Canada is becoming a lonely place
An article in 'Halifax Today' titled 'Canada is becoming a lonely place, and thatís good news for the food industry' says, "More than 28 per cent of Canadian households are home to one person only," and talks about how this is good news for the food industry. Not so much for restaurants, of course. A lot of people don't want to take themselves out to dinner. In the last paragraph of the article, it says:
But what could get overlooked is the power of food to bring people together. Whatever happens, this should never be forgotten.
You can read the article here, but I'm not suggesting you put on planned dinners for singles, although you could if you wanted to. There's money in capitalizing on trends. I might suggest that a similar trend exists in the United States as well. So if you had a product or service that caters to this market, you have a very large target market.
Think about it! How could you capitalize on this trend?
Two restaurants I went to regularly - that got customers chatting with each other...
At most restaurants, the waiters, waitresses, and business owner all leave you alone... And that's what a lot of people want.
However, there's a restaurant I knew where the owner and chef (it was the same guy) would come out and chat with people. And not only that... He'd chat with one customer, then chat with another customer, and before too long, the customers were chatting with each other!
I used to love going there, and got to know a lot of people I'd otherwise not get to know. (I even went into business with a couple separate customers I met there...)
Unfortunately, the restaurant closed about 3 years ago, as the owner had to deal with some business overseas in his country of origin...
About 10 years ago, I spent about 4 months in South Korea. In an area of Seoul, called Itaewon, there used to be an Australian cafe, that served Australian food. The owner was an Australian - Tony - he used to be the drummer of a band called the Choirboys (from 1996–1997). The Choirboys had one huge hit that's still played on Australian radio.
Tony came to South Korea to do a music gig... and ended up staying. (Though he moved back to Australia around 3 years ago I think.)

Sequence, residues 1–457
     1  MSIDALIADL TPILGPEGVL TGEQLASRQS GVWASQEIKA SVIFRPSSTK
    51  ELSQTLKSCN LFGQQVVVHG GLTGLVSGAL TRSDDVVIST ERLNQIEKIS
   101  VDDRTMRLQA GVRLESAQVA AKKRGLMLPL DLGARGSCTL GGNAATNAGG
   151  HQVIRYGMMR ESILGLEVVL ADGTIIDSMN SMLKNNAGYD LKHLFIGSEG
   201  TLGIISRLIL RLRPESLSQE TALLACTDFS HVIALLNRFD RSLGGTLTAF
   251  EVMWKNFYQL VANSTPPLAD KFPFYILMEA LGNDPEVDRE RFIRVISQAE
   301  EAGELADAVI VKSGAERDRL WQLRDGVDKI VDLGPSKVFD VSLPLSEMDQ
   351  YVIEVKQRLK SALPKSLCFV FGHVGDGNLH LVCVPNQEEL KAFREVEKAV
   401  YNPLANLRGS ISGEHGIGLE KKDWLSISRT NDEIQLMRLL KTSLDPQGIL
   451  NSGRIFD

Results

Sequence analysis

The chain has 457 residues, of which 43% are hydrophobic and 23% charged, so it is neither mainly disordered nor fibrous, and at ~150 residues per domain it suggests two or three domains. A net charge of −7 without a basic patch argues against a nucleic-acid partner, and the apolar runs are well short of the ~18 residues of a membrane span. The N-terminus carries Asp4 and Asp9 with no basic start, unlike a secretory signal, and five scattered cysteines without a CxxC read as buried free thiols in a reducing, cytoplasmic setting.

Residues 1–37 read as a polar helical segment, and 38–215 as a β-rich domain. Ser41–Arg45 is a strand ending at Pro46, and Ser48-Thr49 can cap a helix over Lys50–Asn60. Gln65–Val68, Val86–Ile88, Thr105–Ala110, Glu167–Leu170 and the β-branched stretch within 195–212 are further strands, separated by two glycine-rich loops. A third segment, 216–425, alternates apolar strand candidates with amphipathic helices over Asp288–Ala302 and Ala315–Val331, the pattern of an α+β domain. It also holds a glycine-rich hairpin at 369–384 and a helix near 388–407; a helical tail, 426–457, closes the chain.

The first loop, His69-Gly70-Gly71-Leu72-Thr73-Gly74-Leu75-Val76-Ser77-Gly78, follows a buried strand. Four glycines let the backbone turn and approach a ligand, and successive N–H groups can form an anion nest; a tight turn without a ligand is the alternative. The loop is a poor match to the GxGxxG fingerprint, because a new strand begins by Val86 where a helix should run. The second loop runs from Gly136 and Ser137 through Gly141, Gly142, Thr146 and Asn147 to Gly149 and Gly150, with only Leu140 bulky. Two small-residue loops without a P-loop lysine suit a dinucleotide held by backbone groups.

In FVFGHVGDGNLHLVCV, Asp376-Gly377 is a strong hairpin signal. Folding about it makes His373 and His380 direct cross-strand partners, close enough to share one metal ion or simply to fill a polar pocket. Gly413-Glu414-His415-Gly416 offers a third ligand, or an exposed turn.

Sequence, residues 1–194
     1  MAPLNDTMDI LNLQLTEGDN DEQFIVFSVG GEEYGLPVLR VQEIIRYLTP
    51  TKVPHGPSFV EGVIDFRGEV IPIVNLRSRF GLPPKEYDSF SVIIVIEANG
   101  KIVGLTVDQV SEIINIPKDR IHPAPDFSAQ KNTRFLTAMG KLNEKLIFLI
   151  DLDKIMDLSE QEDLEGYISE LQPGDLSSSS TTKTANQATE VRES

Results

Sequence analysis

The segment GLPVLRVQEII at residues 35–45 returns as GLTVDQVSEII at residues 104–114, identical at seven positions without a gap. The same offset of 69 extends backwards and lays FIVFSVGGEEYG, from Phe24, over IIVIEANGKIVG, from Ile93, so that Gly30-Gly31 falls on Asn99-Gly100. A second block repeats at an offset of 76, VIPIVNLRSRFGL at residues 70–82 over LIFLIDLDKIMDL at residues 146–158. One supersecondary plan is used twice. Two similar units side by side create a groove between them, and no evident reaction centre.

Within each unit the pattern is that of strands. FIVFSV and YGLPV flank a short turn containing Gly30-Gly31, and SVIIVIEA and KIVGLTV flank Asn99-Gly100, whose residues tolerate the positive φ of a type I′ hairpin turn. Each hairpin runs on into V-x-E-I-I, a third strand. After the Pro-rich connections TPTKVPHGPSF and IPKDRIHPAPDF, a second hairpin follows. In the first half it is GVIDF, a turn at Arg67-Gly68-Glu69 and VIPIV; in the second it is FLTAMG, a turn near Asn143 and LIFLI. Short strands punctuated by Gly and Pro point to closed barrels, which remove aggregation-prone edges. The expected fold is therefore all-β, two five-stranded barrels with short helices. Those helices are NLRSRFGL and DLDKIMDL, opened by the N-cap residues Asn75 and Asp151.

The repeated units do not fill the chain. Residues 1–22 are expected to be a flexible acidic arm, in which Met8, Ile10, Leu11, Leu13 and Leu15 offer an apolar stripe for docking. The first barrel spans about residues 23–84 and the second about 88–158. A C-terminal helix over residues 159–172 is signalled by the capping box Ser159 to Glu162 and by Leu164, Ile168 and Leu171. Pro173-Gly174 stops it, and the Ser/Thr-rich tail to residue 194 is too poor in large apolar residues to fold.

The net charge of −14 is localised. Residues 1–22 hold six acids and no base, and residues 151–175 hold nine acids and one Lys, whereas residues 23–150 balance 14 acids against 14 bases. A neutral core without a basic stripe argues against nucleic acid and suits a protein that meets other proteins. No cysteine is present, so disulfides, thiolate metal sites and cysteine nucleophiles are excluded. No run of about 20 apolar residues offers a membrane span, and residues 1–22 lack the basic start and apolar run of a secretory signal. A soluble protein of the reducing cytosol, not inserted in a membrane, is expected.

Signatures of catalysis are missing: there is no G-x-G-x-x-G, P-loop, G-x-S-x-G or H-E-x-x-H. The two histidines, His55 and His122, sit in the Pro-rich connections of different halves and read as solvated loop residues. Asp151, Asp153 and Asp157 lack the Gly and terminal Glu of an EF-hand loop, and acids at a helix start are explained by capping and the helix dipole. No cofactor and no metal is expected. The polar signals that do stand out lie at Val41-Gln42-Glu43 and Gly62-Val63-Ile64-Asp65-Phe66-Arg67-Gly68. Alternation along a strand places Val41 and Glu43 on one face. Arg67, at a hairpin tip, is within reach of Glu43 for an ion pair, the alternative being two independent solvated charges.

This restaurant/cafe was the same. Tony would talk with all the customers, and before too long, the customers were all talking with each other. (Tony hired a chef, but he would tend bar himself.)
He told me that his philosophy was that the restaurant was like his living room, and the customers were his guests.
These are the only two places I've had this experience...
My point is - these two restaurants were great for single people. The actions of the owner in each case - by chatting with all the customrs - got people talking with each other.
I'd love to find another place like these! They're not only good for singles, but also for generally making friends, and finding people you could even work together with...
(My opportunity as a band manager came from one of the customers of the first restaurant I mentioned, as he was a drummer. Another opportunity in the money transfer business came from a different customer of the same restaurant!)
Re: Canada is becoming a lonely place
Hi, Steve and Dien - well, just goes to show that we had a magic formula all those years ago when we ran our coffee shop - we often chatted to the customers and, because it was a small, intimate space, the whole room often got involved in the conversations.
Why didn't I see the trend/connections at that time???
Hidden gold ....
Sounds like it was the place to be!
It sounds like when you ran your coffee shop, it was the place to be!
I'm sure if I'd have lived near there, I'd have been there on a regular basis!
These kinds of places (in my experience), where customers can easily get to know one another (thanks to a friendly owner or staff, facilitating the conversation), are not so common...
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